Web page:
Blocked Shorting

Discussion in 'Trading' started by Avid_Consumer, Apr 12, 2007.


    "The Fed, supported by the banks, will buy equities from mutual funds and other institutional sellers if there is evidence of panic selling in the wake of last week's carnage.

    The authorities are determined to avert a worldwide slump in share prices like the crashes of 1987 or 1929. Investment banks and their broking subsidiaries are to block short-selling by speculators and hedge funds by making it hard for them to obtain prices on favourable terms. "

    any ideas on how this would be accomplished from a technical perspective
  2. 2nd question, is it legal to do so
  3. Can't say on either question, but doesn't look like it worked too well in 2001.

    BTW, has the Fed and the IBs ever stopped doing that since 2001? Rumors say no.
  4. nassau


    they just make short shares not available.
    many times I have shorted a stock @ x as I scaled into a short position to find that once I wanted or needed the shares they were not available.
    By the time the broker gets shares which will allow them to allow me to short the opportunity is usually gone.
    One way to eliminate this is to arrange previous with you broker your desire they will allow you to short for an additional fee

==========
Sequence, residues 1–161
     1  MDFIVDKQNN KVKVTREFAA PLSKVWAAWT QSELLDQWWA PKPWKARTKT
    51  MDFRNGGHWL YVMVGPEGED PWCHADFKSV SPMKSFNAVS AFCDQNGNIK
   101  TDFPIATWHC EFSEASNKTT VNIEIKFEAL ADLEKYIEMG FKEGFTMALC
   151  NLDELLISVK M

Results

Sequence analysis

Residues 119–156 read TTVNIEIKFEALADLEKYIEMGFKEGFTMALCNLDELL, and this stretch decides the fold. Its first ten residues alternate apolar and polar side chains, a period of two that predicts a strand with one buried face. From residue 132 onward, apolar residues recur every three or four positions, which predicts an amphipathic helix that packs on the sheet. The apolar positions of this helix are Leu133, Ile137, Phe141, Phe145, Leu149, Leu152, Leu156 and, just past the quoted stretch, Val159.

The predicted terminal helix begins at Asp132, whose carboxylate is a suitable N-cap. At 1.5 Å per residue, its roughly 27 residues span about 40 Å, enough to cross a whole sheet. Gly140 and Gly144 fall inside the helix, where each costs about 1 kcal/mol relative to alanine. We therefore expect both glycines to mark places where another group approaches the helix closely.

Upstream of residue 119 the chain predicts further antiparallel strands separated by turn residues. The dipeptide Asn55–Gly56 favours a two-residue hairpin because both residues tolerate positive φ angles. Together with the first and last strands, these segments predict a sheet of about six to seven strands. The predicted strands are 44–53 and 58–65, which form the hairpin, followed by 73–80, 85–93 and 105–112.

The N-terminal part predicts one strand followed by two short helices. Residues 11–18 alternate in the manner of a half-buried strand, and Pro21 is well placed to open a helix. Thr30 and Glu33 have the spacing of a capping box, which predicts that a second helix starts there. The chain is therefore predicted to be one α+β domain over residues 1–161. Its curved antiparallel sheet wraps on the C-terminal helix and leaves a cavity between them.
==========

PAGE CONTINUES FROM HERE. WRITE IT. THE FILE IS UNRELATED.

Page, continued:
The broker can deny you short shares still at their discretion let alone hold an ace and call the shares.

  5. that makes sense, i've definitely had that experience. if it's a concentrated, organized effort between the fed and banks/brokers to disadvantage shorts, is it legal?
  6. Big AAPL

    Big AAPL

    I'm sorry, but I don't know how to quote, this is in reponse to nassau's last post. Did you say that a broker will let you short for an "additional" fee? What type of fee is that and what is it called?

    It sounds eerily similar to a "deal" I was once offered by a slicked up, scotch swilling, stock guru wannabe I met down Vesey street one day...

    Seriously though, what additional fees?
    Could someone explain please?
  7. nkhoi

    nkhoi Moderator

    just click
  8. It seems to me there are all kinds of ways to screw participants, especially shorts. Crossed markets where you can't get long/short/cover. Exchanges experiencing "technical problems". Shares simply not available to short. Hard squeezes to scare the crap out of the shorts. You name it, wall st knows the trick.
  9. if it's in the working group on financial markets' "red book" or their minutes, then it seems there could be a legal case

    for the heck of it, i did contact the joint economic committee and Ron Paul's office in the last week. this level of transparency doesn't seem to be desired outside Representative Paul's office at this time
    #10     Apr 12, 2007